If you were plan­ning to pur­chase a prop­erty in France next year or need to send funds over­seas for any rea­son, this might all be sound­ing a bit bleak – but there are steps you can take to en­sure you se­cure the best pos­si­ble re­turn on your trans­fers and get more for your money in spite of Brexit fears.


So, what are your op­tions? Well, when it comes to man­ag­ing in­ter­na­tional money trans­fers, the two most pop­u­lar types of providers are banks and cur­rency bro­kers. His­tor­i­cally, banks have mo­nop­o­lised the world of for­eign ex­change – in part be­cause many peo­ple don’t

re­alise they have an­other op­tion or that the other op­tion could leave them bet­ter off fi­nan­cially. While banks will get your money where it needs to be, trans­fer fees and un­com­pet­i­tive ex­change rates could mean you don’t get as many euros for your pounds as you might ex­pect.

How­ever, as cur­rency bro­kers ne­go­ti­ate dif­fer­ent mar­gins to banks (mean­ing they ap­ply dif­fer­ent mar­gins to the cur­rency they buy from the in­ter­bank mar­ket be­fore they sell it on), they can of­fer bet­ter ex­change rates.

As high­lighted ear­lier on, even a small dis­crep­ancy in ex­change rates can mean the dif­fer­ence of thou­sands on larger trans­fers, so the first tip to be aware of is to check the rates a provider is able to of­fer you be­fore com­mit­ting to a trans­fer. Ad­di­tion­ally, some cur­rency bro­kers work on a fee-free ba­sis, mean­ing you’ll make fur­ther sav­ings.

There are steps you can take to en­sure you se­cure the best pos­si­ble re­turn on your money trans­fers in spite of Brexit con­cerns


An­other top tip when it comes to mak­ing sure you se­cure the best pos­si­ble ex­change rate is to stay up­dated on the lat­est cur­rency news. As all the Brexit drama has shown, a sur­pris­ing com­ment from a po­lit­i­cal fig­ure or a dis­ap­point­ing eco­nomic fore­cast can have a sud­den and dra­matic im­pact on ex­change rates, but cur­rency trends can be tracked to a cer­tain ex­tent. As cur­rency bro­kers em­ploy in­dus­try ex­perts, they are able to of­fer spe­cial­ist mar­ket in­sight and pro­vide in­valu­able guid­ance re­gard­ing the best time to make a cur­rency trans­fer.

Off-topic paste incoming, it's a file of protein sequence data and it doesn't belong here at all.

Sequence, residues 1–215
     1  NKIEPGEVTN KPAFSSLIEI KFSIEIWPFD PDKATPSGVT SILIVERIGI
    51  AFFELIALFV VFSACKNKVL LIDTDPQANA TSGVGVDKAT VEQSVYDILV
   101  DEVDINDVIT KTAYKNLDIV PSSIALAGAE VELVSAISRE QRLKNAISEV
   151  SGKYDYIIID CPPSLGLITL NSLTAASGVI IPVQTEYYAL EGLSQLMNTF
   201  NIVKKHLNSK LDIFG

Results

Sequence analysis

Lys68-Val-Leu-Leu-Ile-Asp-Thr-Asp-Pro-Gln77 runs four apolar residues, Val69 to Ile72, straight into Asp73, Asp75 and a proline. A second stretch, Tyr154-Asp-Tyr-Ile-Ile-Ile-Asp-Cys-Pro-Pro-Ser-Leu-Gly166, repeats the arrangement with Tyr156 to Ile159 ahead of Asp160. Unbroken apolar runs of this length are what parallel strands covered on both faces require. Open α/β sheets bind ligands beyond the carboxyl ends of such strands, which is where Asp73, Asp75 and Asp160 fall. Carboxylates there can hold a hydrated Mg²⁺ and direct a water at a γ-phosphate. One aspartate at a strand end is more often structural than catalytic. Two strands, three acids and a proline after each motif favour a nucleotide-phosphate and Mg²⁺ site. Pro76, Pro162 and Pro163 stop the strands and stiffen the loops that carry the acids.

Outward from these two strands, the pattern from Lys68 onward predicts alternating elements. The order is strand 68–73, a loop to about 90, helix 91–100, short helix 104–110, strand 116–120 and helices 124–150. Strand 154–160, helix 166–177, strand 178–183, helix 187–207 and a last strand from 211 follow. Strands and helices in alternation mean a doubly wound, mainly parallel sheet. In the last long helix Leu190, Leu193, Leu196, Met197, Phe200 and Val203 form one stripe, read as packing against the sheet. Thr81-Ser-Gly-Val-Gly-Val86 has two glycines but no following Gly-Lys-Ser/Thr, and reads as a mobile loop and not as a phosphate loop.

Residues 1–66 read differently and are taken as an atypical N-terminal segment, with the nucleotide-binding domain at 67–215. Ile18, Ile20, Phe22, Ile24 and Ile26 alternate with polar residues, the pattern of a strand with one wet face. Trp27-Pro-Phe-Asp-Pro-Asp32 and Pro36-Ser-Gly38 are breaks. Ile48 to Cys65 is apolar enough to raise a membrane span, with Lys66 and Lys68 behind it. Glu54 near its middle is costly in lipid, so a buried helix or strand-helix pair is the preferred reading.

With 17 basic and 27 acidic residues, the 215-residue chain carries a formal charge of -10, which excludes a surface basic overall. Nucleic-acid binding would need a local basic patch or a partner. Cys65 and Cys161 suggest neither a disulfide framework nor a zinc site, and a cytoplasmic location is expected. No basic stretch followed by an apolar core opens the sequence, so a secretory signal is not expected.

Some also give you the op­tion of sign­ing up to re­ceive free mar­ket up­dates, mak­ing it easy to stay in the loop and plan to move your money at the most op­por­tune time.

A fi­nal tip is to con­sider the dif­fer­ent trans­fer op­tions avail­able, such as for­ward con­tracts. A for­ward con­tract gives you the abil­ity to fix an ex­change rate up to two years in ad­vance of a trans­fer (and usu­ally only re­quires that you place a 10% de­posit). This strat­egy can be par­tic­u­larly use­ful when plan­ning a for­eign prop­erty pur­chase or em­i­gra­tion as it means you can bud­get ef­fec­tively and se­cure your trans­fer against fur­ther slumps in the ex­change rate.

In light of the ex­pec­ta­tion that the pound is likely to fall fur­ther in 2017, a for­ward con­tract could prove ben­e­fi­cial if you want to max­imise the amount you re­ceive for your cur­rency trans­fer.


With the UK’s fu­ture re­la­tion­ship with the Euro­pean Union still un­cer­tain, peo­ple are un­der­stand­ably cau­tious about the prospect of mov­ing to France or in­vest­ing in the French prop­erty mar­ket.

How­ever, as it stands, the sit­u­a­tion is un­likely to change sig­nif­i­cantly for two years fol­low­ing the ac­ti­va­tion of Ar­ti­cle 50, so there are cur­rently no bar­ri­ers to you mov­ing for­ward.

If in doubt about your plans, talk things through with rep­utable, in­de­pen­dent in­dus­try ex­perts, and if you do need to move money abroad, get the right peo­ple on your side to make sure you get the best re­turn pos­si­ble.